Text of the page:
At this time last year: Griffin was standing as a favorite for Rookie of the Year, many in Sacramento were lamenting bypassing Ricky Rubio in the draft in favor of Tyreke Evans, Memphis was touting Hasheem Thabeet as its center of the future, and Brandon Jennings was being viewed as a potential experiment gone wrong, after bypassing college in favor of one season in Europe.
At this time this year: Griffin only now is about to get started, Evans is working on a jumper that could make him as complete as any young guard in the game, Rubio hardly is displaying overwhelming desire to head stateside (or at least to the Timberwolves), Jennings has been accepted as a bona fide revelation, and Thabeet as a bona fide bust.
Now the rookie questions entering camp are whether there is a definitive place for Evan Turner with the 76ers, whether DeMarcus Cousins can become the next riddle solved by the Kings, if the Grizzlies will screw it up again, with this contract hard line with Xavier Henry and Greivis Vasquez, and whether Tiago Splitter sends a message from San Antonio that sometimes it is worth the wait with foreign prospects who bide their time overseas.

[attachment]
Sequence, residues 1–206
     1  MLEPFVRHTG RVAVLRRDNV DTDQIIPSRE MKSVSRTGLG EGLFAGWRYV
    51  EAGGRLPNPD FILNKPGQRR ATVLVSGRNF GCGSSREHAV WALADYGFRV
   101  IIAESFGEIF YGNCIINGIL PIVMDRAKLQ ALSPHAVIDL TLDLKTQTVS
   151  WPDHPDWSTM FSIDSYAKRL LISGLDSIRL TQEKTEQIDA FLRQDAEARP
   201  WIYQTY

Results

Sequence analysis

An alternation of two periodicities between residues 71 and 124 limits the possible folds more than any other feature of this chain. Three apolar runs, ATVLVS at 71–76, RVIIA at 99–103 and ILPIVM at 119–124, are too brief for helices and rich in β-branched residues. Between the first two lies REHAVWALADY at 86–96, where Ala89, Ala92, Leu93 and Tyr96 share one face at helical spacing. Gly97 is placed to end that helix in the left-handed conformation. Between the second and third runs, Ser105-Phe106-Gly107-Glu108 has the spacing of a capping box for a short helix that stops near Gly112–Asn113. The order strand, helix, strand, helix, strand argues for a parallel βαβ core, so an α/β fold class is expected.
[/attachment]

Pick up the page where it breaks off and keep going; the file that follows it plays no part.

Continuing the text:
At this time last year: There was not a single trade transacted in the league in September 2009.
At this time this year: The likelihood is teams again first take stock in camp before any moves. But the Rudy Fernandez situation in Portland is not going away. And can the Wizards truly get restarted with Gilbert Arenas in place to remind them of how it all went so sour last season? Then there is the reality that Larry Brown already has attempted to move Boris Diaw once this offseason. For that matter, the time may have come for Erick Dampier and his non-guaranteed 2010-11 contract to be sent packing, rather than creating any impression in camp that Charlotte actually cares about him as a player.
Beyond all of that is Carmelo, and what could be one of the most uncomfortable camps in the league if clarity isn't created with the Nuggets.
Rarely has September been a time for NBA trades. This year, though, could prove to be an exception.